If you have items you're not interested in selling but still want to dispose of, start a pile for your local Salvation Army, Goodwill store or other local charity. Keeping things you want to donate together will make purging easier.

"Use a large plastic storage box, and when it's full, make a list of everything in it and then cart it off to be donated," says Mackey McNeill, a CPA, personal financial specialist and member of the AICPA's National CPA Financial Literacy Commission. Not only will you be organized, but McNeill says you can get a tax deduction if you itemize your tax return.

Slash grocery bills
Cleaning out your cupboards, then reorganizing what's left by storing like items together can drastically cut your weekly grocery bill. "I was scraping by," says Gina Miller of Chicago, "so I reorganized my kitchen cabinets and found stuff I had completely forgotten about. I was able to forgo the grocery store for two whole weeks using things I had tucked in the back of cabinets."

Make a list
So long, stockpiles of duct tape and expired soup. Now that you've purged your home of the things you no longer need -- and know where to find it all -- you're more likely to stop spending money on duplicate items. In order to stay on track, McNeill suggests never -- ever -- shopping without a list. "Taking a shopping list to [any] store cuts down on expensive impulse buys," he says.

Forgo fees
Organizing your checkbook or online banking accounts will tip you off to how much you're wasting on ATM fees. "When I started using personal finance software, I couldn't believe how much money I was leaving at the ATM machines," says Rob North of Pittsburgh. And keeping tabs on your bills will also spare you from late fees and overdraft charges.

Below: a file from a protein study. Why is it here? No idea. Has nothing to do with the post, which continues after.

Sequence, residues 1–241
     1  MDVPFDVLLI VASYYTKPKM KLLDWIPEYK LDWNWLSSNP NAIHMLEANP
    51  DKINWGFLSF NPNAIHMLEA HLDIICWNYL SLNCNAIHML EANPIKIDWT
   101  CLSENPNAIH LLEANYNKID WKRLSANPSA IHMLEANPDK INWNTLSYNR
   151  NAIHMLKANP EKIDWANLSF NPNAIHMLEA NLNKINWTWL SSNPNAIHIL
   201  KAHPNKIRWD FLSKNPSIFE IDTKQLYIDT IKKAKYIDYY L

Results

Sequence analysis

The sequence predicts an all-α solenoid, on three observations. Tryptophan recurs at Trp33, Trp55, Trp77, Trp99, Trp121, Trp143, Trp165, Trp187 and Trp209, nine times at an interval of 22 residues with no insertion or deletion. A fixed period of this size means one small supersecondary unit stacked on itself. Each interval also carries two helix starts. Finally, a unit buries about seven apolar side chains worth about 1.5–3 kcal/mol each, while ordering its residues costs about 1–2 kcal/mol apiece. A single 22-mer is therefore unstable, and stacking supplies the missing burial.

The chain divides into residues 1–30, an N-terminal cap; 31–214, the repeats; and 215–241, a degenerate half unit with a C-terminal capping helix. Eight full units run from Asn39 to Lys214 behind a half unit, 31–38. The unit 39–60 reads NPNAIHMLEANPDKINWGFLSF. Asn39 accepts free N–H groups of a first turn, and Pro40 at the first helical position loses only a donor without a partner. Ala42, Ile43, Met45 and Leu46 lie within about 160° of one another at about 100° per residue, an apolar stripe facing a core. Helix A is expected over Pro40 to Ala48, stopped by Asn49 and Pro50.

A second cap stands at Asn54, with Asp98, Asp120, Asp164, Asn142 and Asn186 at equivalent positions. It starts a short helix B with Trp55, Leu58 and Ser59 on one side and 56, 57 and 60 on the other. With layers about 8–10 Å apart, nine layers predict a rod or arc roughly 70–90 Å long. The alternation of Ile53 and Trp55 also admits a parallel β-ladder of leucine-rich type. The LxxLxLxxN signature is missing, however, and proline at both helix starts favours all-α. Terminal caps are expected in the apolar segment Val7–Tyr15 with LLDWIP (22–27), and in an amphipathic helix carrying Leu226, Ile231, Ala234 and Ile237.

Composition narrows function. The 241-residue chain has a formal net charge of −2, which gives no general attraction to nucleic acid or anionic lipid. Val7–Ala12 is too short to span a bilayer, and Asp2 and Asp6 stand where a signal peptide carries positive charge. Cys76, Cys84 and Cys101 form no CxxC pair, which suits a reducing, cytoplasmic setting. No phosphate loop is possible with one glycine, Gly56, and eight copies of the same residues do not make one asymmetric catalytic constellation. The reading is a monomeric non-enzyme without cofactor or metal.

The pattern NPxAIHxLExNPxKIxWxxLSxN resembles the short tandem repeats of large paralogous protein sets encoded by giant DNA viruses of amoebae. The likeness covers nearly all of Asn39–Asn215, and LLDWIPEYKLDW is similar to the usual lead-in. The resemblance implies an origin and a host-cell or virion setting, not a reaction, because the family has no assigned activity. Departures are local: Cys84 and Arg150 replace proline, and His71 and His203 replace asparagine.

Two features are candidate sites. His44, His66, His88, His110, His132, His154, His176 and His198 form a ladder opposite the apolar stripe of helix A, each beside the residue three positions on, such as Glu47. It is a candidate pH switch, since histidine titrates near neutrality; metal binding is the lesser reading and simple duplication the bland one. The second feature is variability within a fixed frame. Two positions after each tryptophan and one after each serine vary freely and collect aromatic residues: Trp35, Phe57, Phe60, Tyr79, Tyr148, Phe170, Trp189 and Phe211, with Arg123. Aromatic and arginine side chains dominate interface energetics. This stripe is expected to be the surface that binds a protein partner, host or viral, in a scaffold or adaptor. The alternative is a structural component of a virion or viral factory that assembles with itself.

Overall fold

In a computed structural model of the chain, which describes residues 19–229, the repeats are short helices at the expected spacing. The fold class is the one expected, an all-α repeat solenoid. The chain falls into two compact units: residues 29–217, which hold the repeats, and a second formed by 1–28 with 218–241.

To keep your bills straight, Denise Winston, a 25-year former banker-turned-financial educator, suggests these tips:
  • Get a bin. Find a bill organizer that's big enough to hold your bills, a pair of scissors, some pens and paper clips. With these tools, you can easily open your bills and place them in one central location so you know when bills are due. You can even write the due date on the outside of the envelope so you never miss a payment.
  • No more lost receipts. Keep a small envelope in your purse, briefcase, backpack or car for all your receipts. Additionally, keep a designated file folder in your mail management system so you can easily access the receipts or unload receipts as needed. Consumers waste millions of dollars every year due to lost receipts; you need them to take advantage of return policies, price match programs, extended warranties and much more.
Lost money
Do a monthly purge of junk drawers and clutter piles, and you could find more than a few coins in the sofa. When her husband relented and finally cleaned out his office, Victoria Shade of Orlando, Fla., got a pleasant surprise. "He found three different [uncashed] checks in his sty of an office," Shade says. "I was so happy to see those checks that I couldn't even be mad about his disorganized ways."

Inspect your insurance
An annual audit of your insurance policies can slash hundreds off your annual household budget. Susan E. Howe, a CPA and member of the AICPA's National CPA Financial Literacy Commission, suggests gathering all your insurance policies and giving them the once -- or twice -- over. "If they're with different companies, meet with an independent agent and see how much you can save by combining them all under one provider," Howe suggests. "Talk about possibly making changes to deductibles or any applicable discounts to lower your premiums."

Gina Roberts-Grey is a frequent contributor to WalletPop.